Wednesday, February 4, 2015
Each year I like to get to the German American Society (381 Orange Ln, Casselberry, FL) to sketch during Oktoberfest. This year, on October 24th, I was joined by a young UCF journalism student named Deanna Ferrante.I met Deanna at Artlando in Lock Haven Park and she seemed quite fascinated by what I do. She decided to use me as a subject for an article she has to research for her journalism class. So far she has interviewed my wife and several others. Since I consider my daily sketches a form of journalism, it makes sense for her to find what I do interesting.
Parking was hard to find, and for the first time I paid $5 to park at a nearby business. Getting into Oktoberfest is also $5, which gets you a wristband. Most of the action is behind the Liederkranz hall. A gazebo was set up for music and dancing in the center of the back yard. Long tables filled the yard with crowds of people drinking beer. I decided to go inside where a stage was set up in front of a huge photo of a German castle. Several accordion players and a saxophone player provided the music for traditional German dances. Tyrolean liederhosen outfits were everywhere. A small banner in front of the performers announced, "Beer is proof that God loves us." There was a collection of different sized cow bells, but they weren't used in the time I was sketching.
Where I sat was right next to where the teen aged dancers would congregate before they went out on the dance floor. The women wore white puffy sleeved blouses and a black bodice that cinched their wastes tight. The blue plaid dress and apron would billow out like a whirling dervish whenever they danced. The men would stomp and slap their heals as they danced. They would also help guide the women in a direction as they were spinning. One female dancer spun out of control as she exited the dance floor and she tripped on the stage. She wasn't hurt and the adrenalin kept her spinning just as fast for the next dance.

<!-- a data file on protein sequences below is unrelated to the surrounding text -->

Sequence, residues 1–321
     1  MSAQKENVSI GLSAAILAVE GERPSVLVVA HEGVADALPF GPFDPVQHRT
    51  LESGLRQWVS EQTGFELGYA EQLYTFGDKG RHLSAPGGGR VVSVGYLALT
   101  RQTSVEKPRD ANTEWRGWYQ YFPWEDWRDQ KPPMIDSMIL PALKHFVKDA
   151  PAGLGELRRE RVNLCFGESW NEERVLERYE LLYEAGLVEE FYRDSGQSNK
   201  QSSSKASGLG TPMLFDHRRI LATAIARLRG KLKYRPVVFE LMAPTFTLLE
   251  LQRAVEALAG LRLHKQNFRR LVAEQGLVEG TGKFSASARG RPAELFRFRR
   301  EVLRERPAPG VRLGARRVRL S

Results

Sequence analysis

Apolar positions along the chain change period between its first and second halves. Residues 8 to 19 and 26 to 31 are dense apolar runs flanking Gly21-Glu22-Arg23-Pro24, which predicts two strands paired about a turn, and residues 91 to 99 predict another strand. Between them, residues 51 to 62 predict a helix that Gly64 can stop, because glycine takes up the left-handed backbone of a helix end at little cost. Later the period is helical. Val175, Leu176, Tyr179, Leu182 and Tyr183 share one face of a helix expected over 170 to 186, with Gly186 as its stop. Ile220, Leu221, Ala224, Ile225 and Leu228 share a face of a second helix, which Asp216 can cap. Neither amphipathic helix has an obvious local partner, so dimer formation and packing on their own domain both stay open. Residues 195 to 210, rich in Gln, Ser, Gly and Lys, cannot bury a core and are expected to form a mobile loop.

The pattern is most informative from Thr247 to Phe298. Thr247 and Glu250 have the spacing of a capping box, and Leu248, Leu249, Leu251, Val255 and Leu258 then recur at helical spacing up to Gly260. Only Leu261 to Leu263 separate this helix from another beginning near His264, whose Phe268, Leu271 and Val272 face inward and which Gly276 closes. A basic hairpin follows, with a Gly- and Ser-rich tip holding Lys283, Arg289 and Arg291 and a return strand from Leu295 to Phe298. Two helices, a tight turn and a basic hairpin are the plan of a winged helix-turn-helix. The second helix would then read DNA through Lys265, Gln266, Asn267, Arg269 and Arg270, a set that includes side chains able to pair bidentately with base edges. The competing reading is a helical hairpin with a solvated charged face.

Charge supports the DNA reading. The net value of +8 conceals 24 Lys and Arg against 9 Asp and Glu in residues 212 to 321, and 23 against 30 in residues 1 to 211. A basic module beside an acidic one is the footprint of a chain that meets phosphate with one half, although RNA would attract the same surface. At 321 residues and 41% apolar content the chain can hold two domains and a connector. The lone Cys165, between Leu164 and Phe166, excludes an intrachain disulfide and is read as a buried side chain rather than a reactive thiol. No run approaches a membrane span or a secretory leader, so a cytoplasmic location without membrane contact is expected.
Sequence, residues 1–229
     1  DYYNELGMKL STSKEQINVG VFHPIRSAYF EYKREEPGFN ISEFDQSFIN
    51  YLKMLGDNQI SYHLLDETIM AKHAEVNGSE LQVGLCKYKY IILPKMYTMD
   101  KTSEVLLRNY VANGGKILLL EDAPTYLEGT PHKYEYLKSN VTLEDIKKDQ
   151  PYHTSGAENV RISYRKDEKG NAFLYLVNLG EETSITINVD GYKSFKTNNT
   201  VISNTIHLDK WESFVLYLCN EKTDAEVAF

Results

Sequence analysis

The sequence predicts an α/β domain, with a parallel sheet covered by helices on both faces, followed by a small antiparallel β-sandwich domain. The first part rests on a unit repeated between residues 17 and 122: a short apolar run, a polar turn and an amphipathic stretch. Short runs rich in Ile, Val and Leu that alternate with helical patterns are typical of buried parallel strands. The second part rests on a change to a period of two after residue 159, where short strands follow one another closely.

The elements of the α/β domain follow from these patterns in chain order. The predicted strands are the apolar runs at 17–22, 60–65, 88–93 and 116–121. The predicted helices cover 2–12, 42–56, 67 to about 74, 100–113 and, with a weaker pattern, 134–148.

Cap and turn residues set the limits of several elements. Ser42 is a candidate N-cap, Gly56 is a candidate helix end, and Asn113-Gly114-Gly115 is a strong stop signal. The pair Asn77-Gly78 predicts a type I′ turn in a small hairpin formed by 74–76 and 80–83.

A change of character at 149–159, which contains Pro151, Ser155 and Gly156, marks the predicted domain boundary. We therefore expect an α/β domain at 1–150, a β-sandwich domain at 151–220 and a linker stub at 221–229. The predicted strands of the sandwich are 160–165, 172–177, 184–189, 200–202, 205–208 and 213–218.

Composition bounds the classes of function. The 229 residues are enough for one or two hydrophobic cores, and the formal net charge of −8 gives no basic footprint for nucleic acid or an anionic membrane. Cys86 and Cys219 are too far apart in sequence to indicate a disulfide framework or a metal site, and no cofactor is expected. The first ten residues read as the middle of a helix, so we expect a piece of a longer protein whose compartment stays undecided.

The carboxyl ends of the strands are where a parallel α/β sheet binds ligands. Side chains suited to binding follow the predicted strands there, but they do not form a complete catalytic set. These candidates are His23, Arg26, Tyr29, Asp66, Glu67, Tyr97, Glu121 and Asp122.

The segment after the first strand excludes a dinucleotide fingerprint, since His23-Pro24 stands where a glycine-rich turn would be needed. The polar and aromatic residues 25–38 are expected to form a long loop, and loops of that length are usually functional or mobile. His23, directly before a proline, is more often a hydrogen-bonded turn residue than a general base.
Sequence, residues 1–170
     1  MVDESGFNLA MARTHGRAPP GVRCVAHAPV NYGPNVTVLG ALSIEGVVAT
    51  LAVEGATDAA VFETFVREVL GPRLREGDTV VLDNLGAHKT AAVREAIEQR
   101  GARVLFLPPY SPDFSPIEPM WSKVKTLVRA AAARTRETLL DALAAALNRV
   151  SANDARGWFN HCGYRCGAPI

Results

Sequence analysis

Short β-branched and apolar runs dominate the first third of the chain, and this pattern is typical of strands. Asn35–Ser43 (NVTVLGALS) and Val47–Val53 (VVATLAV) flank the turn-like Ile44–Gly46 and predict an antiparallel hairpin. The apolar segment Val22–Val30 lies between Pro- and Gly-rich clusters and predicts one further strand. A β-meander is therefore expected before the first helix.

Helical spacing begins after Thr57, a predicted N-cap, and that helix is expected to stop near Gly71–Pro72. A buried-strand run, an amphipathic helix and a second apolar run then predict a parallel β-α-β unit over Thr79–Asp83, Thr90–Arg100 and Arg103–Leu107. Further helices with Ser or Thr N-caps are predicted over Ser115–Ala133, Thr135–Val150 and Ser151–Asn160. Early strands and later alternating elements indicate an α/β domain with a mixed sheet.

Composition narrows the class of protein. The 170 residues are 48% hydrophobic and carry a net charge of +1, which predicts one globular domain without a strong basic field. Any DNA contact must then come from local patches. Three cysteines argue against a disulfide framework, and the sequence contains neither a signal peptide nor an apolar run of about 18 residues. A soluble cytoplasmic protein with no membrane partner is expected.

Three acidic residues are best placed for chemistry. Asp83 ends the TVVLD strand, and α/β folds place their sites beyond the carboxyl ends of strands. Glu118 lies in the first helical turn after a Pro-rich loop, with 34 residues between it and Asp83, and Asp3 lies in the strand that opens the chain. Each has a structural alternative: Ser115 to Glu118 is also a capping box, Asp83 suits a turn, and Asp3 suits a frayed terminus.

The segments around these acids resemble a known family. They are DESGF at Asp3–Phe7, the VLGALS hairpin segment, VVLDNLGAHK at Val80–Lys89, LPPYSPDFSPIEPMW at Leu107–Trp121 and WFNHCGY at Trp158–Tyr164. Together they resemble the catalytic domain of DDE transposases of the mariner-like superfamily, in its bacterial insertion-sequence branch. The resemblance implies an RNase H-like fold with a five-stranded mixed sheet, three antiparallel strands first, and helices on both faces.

The dancers became fascinated with my sketch and several crowded around to see what it looked like. Deanna used the opportunity to interview several of them. The main reason she stopped out was to observe first hand what a typical sketch excursion is like. She also interviewed people at my table. She didn't ask me any questions, instead letting me work. Once in a while I would shout out a thought or two, trying to be helpful.
With the sketch finished, I decided to call it a day. The sketch opportunities were endless, but I decided to get home. I bumped into artist Leslie Silvia and her husband Jared on the way out, so I could have lingered and drank a beer, but I'm a lightweight when it comes to drinking. I get a headache the second I take a sip. Deanna said she got what she needed for the article and she headed back to UCF. I liked her approach. She gets right into the thick of the action to find the story. I'll be curious to find out what the article turns out like.